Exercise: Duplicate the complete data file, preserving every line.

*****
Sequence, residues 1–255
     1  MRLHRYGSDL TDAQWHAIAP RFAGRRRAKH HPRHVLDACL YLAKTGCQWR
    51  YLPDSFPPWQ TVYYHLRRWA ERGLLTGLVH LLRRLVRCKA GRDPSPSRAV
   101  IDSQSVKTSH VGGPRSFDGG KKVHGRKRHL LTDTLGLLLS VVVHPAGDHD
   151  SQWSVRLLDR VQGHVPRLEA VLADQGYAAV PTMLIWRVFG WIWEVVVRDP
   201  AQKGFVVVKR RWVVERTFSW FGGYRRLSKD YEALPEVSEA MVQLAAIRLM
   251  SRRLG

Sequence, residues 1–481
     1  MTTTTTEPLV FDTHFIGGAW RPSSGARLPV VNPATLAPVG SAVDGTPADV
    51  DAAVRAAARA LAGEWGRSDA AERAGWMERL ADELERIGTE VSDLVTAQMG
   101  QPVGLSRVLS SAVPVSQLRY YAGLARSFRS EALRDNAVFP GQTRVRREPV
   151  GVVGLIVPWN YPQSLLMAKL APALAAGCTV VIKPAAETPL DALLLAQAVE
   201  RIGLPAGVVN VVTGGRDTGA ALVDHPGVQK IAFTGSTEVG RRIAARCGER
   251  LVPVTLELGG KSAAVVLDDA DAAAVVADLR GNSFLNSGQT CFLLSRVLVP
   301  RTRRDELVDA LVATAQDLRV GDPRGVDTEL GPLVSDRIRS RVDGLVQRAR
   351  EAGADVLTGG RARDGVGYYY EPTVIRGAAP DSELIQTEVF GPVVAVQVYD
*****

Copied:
Sequence, residues 1–255
     1  MRLHRYGSDL TDAQWHAIAP RFAGRRRAKH HPRHVLDACL YLAKTGCQWR
    51  YLPDSFPPWQ TVYYHLRRWA ERGLLTGLVH LLRRLVRCKA GRDPSPSRAV
   101  IDSQSVKTSH VGGPRSFDGG KKVHGRKRHL LTDTLGLLLS VVVHPAGDHD
   151  SQWSVRLLDR VQGHVPRLEA VLADQGYAAV PTMLIWRVFG WIWEVVVRDP
   201  AQKGFVVVKR RWVVERTFSW FGGYRRLSKD YEALPEVSEA MVQLAAIRLM
   251  SRRLG

Sequence, residues 1–481
     1  MTTTTTEPLV FDTHFIGGAW RPSSGARLPV VNPATLAPVG SAVDGTPADV
    51  DAAVRAAARA LAGEWGRSDA AERAGWMERL ADELERIGTE VSDLVTAQMG
   101  QPVGLSRVLS SAVPVSQLRY YAGLARSFRS EALRDNAVFP GQTRVRREPV
   151  GVVGLIVPWN YPQSLLMAKL APALAAGCTV VIKPAAETPL DALLLAQAVE
   201  RIGLPAGVVN VVTGGRDTGA ALVDHPGVQK IAFTGSTEVG RRIAARCGER
   251  LVPVTLELGG KSAAVVLDDA DAAAVVADLR GNSFLNSGQT CFLLSRVLVP
   301  RTRRDELVDA LVATAQDLRV GDPRGVDTEL GPLVSDRIRS RVDGLVQRAR
   351  EAGADVLTGG RARDGVGYYY EPTVIRGAAP DSELIQTEVF GPVVAVQVYD